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Ruminal metabolism of fatty acids: modulation of polyunsaturated, conjugated and trans fatty acids in meat and milk

Abstract : Milk and meat of ruminants have a specific fatty acid composition due to (i) extensive biohydrogenation processes in the rumen, which is the main site of feed digestion, (ii) de novo synthesis and partial desaturation of absorbed fatty acids in the mammary gland, and (iii) partial desaturation and elongation during meat fat synthesis. These processes result in low concentrations of polyunsaturated fatty acids, including limited amounts of conjugated fatty acids, and in significant amounts of trans monounsaturated fatty acids. Ruminant dairy and meat products are the only foods which naturally contain conjugated fatty acids. The main trans isomer is vaccenic acid (t11-18:1) of which the effects on human health cannot be confounded with those of other industrial trans isomers from hydrogenated oils. It is possible to modulate fatty acid composition of milk and meat from ruminants through animal feeding.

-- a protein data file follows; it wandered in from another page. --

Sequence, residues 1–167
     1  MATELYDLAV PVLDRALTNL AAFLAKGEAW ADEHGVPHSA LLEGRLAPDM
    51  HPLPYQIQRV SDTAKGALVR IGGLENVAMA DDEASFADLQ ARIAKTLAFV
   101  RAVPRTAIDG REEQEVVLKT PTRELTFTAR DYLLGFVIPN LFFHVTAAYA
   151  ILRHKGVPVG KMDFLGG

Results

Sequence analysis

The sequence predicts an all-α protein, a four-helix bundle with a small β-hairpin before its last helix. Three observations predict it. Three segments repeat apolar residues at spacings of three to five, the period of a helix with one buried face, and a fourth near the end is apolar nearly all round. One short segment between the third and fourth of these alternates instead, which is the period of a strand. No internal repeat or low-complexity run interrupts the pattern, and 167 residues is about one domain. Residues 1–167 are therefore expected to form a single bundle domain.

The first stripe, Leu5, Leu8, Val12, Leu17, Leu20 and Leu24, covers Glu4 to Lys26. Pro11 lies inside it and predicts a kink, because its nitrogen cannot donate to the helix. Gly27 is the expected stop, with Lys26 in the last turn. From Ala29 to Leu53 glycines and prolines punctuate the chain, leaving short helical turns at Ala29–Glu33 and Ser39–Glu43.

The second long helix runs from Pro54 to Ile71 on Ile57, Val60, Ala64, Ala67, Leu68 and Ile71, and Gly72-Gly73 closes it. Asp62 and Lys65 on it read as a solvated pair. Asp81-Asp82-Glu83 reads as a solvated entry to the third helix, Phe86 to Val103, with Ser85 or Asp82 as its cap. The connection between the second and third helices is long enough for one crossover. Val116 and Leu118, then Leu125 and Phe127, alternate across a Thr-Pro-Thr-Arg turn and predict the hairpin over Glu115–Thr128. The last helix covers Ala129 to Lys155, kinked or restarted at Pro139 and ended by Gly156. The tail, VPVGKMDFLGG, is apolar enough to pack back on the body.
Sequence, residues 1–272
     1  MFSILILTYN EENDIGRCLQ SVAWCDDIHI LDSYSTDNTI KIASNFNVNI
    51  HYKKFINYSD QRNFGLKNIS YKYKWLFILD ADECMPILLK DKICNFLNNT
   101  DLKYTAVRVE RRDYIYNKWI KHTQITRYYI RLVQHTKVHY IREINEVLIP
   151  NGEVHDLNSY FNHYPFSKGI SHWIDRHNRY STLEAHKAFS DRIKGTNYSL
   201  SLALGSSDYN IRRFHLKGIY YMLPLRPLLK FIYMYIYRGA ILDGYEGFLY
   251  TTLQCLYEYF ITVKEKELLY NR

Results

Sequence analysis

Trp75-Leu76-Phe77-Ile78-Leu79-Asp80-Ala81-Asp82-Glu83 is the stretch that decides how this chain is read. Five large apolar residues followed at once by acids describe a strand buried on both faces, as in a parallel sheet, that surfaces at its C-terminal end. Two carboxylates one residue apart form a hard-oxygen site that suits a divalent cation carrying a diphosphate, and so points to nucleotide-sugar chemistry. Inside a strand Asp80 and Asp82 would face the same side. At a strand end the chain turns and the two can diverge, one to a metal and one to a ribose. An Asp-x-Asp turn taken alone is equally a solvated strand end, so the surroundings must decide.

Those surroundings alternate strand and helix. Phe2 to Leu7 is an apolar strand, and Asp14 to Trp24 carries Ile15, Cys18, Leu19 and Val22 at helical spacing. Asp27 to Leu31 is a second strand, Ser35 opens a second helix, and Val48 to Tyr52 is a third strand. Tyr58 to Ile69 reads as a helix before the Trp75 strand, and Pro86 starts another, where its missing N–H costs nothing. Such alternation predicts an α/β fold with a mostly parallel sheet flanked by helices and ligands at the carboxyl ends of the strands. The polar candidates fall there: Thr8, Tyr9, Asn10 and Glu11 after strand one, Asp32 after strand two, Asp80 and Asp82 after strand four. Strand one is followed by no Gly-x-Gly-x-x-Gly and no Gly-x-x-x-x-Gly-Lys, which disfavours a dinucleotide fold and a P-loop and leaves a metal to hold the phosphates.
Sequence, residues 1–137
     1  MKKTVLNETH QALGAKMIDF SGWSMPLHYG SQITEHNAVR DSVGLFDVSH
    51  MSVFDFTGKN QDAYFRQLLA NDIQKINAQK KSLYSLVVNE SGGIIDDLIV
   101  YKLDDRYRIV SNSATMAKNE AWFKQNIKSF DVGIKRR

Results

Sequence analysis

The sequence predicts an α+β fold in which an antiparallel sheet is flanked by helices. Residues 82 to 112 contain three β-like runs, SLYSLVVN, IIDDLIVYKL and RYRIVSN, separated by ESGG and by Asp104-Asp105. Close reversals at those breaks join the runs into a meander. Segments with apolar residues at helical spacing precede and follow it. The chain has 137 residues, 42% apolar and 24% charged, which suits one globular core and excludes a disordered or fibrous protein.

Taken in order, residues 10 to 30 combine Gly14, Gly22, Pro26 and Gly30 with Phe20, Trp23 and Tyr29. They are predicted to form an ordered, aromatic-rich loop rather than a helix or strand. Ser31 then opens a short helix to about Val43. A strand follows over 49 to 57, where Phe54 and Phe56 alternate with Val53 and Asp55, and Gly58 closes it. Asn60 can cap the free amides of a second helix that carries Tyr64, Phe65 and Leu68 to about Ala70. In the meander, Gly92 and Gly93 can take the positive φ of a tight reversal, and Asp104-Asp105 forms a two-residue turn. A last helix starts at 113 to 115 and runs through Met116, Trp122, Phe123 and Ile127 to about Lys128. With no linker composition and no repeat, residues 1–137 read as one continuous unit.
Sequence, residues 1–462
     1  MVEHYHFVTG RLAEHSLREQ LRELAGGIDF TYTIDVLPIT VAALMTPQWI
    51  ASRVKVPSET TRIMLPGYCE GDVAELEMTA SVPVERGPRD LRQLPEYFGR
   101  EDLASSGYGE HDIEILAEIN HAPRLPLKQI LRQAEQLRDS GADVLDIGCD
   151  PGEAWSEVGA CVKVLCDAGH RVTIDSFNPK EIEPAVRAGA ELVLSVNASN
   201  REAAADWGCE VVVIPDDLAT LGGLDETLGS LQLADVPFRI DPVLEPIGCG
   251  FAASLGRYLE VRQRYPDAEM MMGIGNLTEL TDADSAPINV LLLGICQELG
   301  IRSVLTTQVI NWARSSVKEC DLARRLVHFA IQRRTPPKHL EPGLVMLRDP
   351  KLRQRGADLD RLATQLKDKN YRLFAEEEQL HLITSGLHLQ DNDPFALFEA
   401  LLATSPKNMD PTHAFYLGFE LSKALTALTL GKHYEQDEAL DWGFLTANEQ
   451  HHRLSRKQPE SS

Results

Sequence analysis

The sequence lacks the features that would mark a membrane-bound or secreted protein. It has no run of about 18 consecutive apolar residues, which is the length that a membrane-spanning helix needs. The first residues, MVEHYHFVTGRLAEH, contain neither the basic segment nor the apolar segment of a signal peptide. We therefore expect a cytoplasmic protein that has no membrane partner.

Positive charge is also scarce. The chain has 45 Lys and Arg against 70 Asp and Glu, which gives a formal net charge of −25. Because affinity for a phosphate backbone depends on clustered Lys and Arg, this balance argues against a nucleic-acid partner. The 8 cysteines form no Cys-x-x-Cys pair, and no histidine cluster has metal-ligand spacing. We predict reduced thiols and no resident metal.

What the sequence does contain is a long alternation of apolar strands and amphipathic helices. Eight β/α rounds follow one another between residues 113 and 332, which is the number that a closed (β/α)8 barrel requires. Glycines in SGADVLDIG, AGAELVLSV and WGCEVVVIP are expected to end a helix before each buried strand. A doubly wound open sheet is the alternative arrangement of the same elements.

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https://hal.inrae.fr/hal-03205836
Contributor : Agnès Girard <>
Submitted on : Thursday, April 22, 2021 - 4:14:46 PM
Last modification on : Friday, June 4, 2021 - 2:40:12 PM

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Michel Doreau, Annabelle Meynadier, Veerle Fievez, Anne Ferlay. Ruminal metabolism of fatty acids: modulation of polyunsaturated, conjugated and trans fatty acids in meat and milk. Ronald Ross Watson; Fabien De Meester. Handbook of Lipids in Human Function.: Fatty Acids, AOCS Press, 809 p., 2016, 978-1-63067-036-8. ⟨10.1016/B978-1-63067-036-8.00019-6⟩. ⟨hal-03205836⟩

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